Happy anniversary - trick or treat - Advanced Prostate...

Advanced Prostate Cancer

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Happy anniversary - trick or treat


A year ago on Halloween I was working late at my office when I saw the MyCharts posting of my pelvic MRI report from the test taken a day previously. I had a 36 PSA, and the Urologist seemed concerned after the DRE, but I did not expect what I read, and I got this before a doctor had the chance to explain: “large mass”. and “ metasteses” jumped out at me. Trick or treat; i had lost the Gleason lottery. I was F’ed.

But life goes on. And a very smart, young, underemployed Urologist told me the next day, “you can live a long time. Get informed and understand that what they call the standard of care in prostate cancer is really the wild, wild West right now.”

There was hope... and I started reading, a lot of reading, and I even found this site in the process. Not discouraged by the conventional belief that my cancer was systemic and incurable, I looked for the most aggressive approaches possible. So I’ve had Docetaxel, Zytiga and 45 days of radiation, all in the hope that my cancer was oligometastatic (a fancy way of saying it has spread but not real far), and that it might be cured. I had the support and guidance of some very sharp doctors at U of Chicago, who pay attention to all the latest stuff including what they are doing at Mayo, MD Anderson and Sloan Kettering, and who, I believe, want to be on the cutting edge of curing this monster. No one has made me any promises, but my scans are clean, my PSA has been below detectable for 6 months, and the guarded plan is to suspend/terminate ADT by April of next year if PSA remains undetectable.

Back to the reading I did. I also learned a lot about nutrition, supplementation and the still controversial metabolic theory of cancer. I’m not a scientist, just an old country lawyer, but what I have gotten good at is weighing evidence. I fully believe that cancer is caused by a combination of environmental, nutritional and genetic factors. Think of it as a slot machine where you need to get the three factors in a line across. I opted for the poison approach to killing the obvious malignancy, chemo and radiation,,where the unstated goal is to kill the disease shortly before you kill the patient. I did so knowing there would be side effects, such as the apparently permanent numbness in my fingertips and such as the highly increased risk of deadly bladder cancer.

So far, so good. Next question is what to do while those “systemic” cancer cells are laying low. Now nutrition and supplementation become important. I think Nalakrats on this site, a rare man of God and science, is looking at these issues, and I am waiting with baited breath. I also think Tall Allen is a brilliant contributor, but answering the wrong question. Metformin, curcumin and other supplements discussed here may not cure advanced prostate cancer, but they certainly are a component in the prevention of same, as indicated not only by Allen’s’s mice (who never die of cancer) but also by the meta data and population studies that demonstrate undeniable trends. The metabolic theory advocates unfortunately overstate their case, and the Ketonic diet advocates do likewise, but there is validity in their end goals, So, for me, low carbs, low sugar, no processed food, minimal red meat, lots of water, sunshine and exercise, and supplementation with anti inflammatories is my best chance to keep the monster asleep. With that approach I’m thinking there is room to go out for craft beer with my friends once a week.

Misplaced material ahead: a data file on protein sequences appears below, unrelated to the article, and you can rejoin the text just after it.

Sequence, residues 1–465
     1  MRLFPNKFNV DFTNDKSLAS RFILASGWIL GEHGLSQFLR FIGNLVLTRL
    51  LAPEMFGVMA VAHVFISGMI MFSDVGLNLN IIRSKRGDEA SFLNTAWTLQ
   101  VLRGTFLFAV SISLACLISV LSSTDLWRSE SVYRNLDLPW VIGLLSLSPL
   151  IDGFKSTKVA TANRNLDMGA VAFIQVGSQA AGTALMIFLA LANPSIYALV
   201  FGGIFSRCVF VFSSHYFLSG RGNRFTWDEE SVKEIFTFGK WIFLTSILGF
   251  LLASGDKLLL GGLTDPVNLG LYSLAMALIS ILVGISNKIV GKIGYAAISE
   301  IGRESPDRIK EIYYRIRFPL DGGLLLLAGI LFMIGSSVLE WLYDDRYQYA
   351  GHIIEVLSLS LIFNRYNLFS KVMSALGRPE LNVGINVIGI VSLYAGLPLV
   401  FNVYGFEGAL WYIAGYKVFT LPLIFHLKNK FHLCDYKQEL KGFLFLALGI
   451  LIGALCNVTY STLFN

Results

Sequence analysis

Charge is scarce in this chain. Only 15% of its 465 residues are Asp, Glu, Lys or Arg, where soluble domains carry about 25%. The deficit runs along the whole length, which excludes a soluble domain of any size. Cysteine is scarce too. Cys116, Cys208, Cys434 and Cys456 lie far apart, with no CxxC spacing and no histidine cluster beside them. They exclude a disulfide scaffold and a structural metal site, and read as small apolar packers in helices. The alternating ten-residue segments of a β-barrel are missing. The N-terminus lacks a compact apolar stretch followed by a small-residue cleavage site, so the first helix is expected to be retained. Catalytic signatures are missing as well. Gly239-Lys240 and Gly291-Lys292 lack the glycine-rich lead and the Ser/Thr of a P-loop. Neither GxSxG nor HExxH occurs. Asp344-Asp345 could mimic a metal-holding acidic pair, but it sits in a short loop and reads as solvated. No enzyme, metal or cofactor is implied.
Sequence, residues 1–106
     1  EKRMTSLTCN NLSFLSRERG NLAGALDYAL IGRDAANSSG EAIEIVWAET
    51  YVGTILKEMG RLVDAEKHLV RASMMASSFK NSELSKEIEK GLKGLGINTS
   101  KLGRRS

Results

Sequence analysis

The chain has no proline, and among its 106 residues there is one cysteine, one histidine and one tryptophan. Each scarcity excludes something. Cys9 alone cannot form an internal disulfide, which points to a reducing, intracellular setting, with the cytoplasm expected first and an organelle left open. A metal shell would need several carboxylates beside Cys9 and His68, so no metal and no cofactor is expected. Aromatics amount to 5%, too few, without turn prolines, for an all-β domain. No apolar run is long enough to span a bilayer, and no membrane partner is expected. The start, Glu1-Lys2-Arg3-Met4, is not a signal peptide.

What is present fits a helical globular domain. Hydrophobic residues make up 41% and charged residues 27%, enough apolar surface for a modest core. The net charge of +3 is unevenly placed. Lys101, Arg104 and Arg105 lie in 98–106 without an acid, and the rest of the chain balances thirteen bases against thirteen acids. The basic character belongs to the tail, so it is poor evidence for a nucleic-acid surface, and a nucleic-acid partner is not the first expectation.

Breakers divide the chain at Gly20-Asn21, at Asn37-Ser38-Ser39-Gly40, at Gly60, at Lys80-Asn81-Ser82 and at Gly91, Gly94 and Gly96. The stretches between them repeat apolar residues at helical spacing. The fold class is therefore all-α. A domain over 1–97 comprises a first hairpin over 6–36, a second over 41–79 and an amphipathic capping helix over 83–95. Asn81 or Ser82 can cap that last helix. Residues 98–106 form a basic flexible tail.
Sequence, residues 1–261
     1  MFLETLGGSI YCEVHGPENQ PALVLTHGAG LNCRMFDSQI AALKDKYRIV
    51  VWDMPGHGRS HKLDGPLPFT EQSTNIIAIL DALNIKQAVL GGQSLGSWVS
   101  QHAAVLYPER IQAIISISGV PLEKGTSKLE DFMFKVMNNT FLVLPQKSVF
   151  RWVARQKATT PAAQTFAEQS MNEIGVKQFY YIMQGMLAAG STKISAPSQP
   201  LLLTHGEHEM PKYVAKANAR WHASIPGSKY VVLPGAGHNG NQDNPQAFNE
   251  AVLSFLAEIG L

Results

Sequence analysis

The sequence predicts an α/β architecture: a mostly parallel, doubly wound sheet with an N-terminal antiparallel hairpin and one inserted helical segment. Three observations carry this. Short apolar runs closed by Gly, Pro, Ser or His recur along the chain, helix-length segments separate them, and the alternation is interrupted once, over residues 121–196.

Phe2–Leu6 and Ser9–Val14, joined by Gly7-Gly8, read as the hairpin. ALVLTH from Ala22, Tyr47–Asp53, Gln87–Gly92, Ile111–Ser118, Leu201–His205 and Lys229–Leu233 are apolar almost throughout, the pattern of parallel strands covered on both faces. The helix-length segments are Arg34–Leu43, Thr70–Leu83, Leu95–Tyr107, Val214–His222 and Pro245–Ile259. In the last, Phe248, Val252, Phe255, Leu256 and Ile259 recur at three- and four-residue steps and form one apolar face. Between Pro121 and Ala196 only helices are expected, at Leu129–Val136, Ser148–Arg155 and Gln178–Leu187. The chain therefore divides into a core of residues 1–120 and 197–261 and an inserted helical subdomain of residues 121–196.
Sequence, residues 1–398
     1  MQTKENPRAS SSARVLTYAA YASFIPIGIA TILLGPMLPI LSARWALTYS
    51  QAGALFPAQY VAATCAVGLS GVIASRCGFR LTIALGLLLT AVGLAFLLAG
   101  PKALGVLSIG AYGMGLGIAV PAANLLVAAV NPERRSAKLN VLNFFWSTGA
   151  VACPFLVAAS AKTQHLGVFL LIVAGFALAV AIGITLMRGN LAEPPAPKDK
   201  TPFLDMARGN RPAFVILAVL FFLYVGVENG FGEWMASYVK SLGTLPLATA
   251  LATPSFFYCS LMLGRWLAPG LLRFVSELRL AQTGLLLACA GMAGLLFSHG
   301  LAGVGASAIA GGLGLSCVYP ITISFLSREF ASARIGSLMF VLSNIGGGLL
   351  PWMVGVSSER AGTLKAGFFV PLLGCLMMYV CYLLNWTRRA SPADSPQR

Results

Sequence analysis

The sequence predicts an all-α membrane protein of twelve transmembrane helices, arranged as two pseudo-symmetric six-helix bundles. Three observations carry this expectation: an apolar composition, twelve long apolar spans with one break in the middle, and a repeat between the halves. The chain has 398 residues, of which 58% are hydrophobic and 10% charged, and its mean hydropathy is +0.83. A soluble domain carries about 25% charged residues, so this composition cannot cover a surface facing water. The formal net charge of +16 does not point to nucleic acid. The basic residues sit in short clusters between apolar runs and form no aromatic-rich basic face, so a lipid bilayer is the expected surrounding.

God bless you all, because without that none of the rest of this matters. And good health, my brothers.

8 Replies

Thanks for the High Marks---yes more will be coming--every time I want to condense new findings into simpler language, all of a sudden more stuff comes across my desk--there is a rush of work going on as to your desire to keep the sleeping dogs sleeping.


Agree and agree more. Love the slot machine analogy. It is my belief also.

Well said!


Ol country lawyers know some stuff. Many years of happiness and health.

Well thanks for your Halloween treat...

Good Luck, Good Health and Good Humor.

j-o-h-n Monday 10/29/2018 9:50 PM EDT

Craft beer once a week is a necessity to good QOL. Go for it.

I couldn't agree more with your take on this. My last shot of Lupron was in February and at the beginning of this run I was told it was never going to be possible. Stay strong, stubborn and keep daring to defy.


Thank you for sharing your journey! New on this site. My husband was dx in July 2017, 48 years old. What we thought was a torn rotator cuff a month later after much testing we find out is pc. Mets to bones from shoulder to pelvis and lymph nodes Psa of 489. They initially started him on Carboplatin and Etoposide but after getting two more opinion we changed him to Docetaxel. My husband was a Chicago Firefighter for 18 years and it has been determined that the job caused his cancer.

We too are being seen at University of Chicago. We are seeing Dr Stadler. I wonder who you are seeing there and how has your experience been there? We only get our Lupron shots there. Chemo was done at Advocate until we were able to switch insurance.

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